20 CFR 416.1201(a)

SSR 80-12

The claimant's application for Supplemental Security income benefits was denied because her resources exceed the amount allowed by law. The excess resources consist of the interest the claimant's husband owns in some lots and a home. A court judgment, however, provides that the claimant's husband cannot dispose of the property until his youngest child, who is 13 years old, reaches the age of 18. Held, because the property cannot be liquidated by the claimant's husband at this time, it cannot be considered as a countable resource.

The issue to be determined is whether the claimant's resources are excludable under the Social Security Act. The claimant filed her application for Supplemental Security Income on August 2, 1978. She was denied benefits on August 11, 1978, because her resources exceeded the amount allowed by law. Her request for reconsideration was denied on September 5, 1978. A timely request for hearing was filed on September 6, 1978, and the hearing was held on October 24, 1978. The claimant was represented at the hearing by her attorney.

The testimony shows that the claimant and her husband are the owners of the property where they reside.

The claimant's husband also owns an interest in some lots and in another house. The evidence shows he owns half interest and his seven children from a prior marriage own the other half interest. A judgment entered by a court in the State where the property is located provides that the children of the claimant's husband shall have exclusive possession of the property. It further states that when the youngest child, who is presently 13 years old, reaches the age of 18 the property shall be sold and the proceeds divided. Until that time, the claimant's husband cannot liquidate or sell his interest in the property. It is this property that the Social Security Administration has considered in disqualifying the claimant from eligibility for Supplemental Security Income benefits.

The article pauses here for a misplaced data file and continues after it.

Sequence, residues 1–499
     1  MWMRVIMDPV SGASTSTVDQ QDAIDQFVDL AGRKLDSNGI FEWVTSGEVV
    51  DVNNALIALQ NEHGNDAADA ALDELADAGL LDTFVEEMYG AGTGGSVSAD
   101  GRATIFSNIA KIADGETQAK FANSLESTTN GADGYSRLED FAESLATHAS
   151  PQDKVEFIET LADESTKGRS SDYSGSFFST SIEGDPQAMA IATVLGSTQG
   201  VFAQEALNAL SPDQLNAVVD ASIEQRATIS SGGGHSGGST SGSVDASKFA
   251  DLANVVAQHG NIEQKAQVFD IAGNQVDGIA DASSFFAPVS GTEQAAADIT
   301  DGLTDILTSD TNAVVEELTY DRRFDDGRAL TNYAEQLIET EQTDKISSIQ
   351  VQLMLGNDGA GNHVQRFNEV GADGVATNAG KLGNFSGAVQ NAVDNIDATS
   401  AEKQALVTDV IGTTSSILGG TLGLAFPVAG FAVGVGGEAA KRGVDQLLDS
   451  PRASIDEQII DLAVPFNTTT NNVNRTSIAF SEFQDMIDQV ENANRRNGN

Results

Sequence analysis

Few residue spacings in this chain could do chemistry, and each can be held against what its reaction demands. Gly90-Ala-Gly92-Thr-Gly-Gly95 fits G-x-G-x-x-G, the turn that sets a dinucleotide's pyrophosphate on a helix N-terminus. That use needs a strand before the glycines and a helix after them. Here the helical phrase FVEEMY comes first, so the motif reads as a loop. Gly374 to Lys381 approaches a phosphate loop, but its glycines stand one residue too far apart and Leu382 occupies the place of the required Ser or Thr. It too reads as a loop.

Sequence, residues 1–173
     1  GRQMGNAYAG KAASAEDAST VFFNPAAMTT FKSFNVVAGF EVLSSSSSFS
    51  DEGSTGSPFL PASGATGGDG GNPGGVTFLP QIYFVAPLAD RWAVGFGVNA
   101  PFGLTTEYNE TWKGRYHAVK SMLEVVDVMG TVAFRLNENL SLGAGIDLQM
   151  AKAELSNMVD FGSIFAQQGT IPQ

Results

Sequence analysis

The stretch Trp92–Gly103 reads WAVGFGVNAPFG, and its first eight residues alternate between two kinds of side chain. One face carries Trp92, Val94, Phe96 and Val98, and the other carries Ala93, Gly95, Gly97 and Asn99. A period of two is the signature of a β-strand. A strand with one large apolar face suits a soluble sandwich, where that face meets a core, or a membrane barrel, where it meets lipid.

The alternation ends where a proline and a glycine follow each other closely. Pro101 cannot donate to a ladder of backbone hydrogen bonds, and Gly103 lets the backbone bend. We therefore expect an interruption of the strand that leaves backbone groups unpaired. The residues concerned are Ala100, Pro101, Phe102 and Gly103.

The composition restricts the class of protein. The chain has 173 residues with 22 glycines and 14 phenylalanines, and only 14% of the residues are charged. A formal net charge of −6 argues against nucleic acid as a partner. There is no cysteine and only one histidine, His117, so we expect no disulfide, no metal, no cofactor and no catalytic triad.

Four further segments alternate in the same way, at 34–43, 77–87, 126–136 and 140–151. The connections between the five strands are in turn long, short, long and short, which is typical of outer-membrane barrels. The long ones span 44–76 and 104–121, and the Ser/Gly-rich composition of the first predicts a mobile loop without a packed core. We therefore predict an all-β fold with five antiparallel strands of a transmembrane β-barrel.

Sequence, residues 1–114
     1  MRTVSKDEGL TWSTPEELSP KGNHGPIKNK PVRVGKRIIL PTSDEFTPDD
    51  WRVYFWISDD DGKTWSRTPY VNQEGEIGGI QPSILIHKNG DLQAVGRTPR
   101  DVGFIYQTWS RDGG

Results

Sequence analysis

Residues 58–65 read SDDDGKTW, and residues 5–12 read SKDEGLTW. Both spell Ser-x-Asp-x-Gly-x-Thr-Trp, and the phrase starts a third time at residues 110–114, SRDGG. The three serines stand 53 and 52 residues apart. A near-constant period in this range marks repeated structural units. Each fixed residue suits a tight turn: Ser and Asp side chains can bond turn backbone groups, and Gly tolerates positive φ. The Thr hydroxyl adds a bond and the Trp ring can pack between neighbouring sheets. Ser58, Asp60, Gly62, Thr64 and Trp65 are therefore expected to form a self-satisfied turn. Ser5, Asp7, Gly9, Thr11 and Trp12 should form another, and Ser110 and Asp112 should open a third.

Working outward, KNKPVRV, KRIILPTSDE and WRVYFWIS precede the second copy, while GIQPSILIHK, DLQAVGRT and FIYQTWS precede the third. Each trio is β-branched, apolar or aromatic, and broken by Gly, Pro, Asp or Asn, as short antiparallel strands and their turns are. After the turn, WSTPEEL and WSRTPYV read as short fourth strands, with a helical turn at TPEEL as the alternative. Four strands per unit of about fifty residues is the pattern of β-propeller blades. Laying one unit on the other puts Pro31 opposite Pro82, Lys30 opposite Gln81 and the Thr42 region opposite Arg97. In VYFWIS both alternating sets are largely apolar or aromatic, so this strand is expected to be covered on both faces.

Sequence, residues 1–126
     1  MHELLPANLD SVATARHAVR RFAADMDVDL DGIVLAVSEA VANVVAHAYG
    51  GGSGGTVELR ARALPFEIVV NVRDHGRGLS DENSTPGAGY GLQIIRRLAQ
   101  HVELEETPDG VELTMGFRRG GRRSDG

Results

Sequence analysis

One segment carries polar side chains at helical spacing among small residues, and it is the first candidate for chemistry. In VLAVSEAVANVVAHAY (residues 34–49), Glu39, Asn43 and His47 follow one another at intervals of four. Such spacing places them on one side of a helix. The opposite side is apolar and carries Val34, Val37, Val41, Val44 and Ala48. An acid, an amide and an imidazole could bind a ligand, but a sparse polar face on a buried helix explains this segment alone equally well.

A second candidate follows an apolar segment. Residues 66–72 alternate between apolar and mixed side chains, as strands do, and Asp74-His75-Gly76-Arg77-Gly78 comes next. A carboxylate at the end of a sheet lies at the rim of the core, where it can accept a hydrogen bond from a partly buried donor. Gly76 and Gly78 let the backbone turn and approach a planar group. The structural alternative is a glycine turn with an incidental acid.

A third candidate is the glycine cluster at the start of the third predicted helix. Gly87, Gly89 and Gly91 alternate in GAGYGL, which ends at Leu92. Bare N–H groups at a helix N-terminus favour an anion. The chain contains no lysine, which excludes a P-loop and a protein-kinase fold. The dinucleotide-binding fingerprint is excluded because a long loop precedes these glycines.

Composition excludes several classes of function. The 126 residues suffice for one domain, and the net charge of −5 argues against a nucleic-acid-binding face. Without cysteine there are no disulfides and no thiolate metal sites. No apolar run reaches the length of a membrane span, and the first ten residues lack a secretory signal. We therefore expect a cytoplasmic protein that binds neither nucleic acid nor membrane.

Section 416.1201(a) of the Regulations defines resources as cash or other liquid assets or any real or personal property that an individual (or spouse, if any) owns and could convert to cash to be used for his support and maintenance. If the individual has the right, authority or power to liquidate the property, or his share of the property, it is considered a resource. If a property right cannot be liquidated, the property will not be considered a resource of the individual (or spouse).

It is obvious from the evidence that the property in question cannot be liquidated by the claimant's husband until the youngest child becomes 18 years old. When the youngest child becomes 18 years old, the property will then become a resource.

Accordingly, the property owned by the claimant's husband is not a countable resource at this time. It will, however, be a factor in the future.

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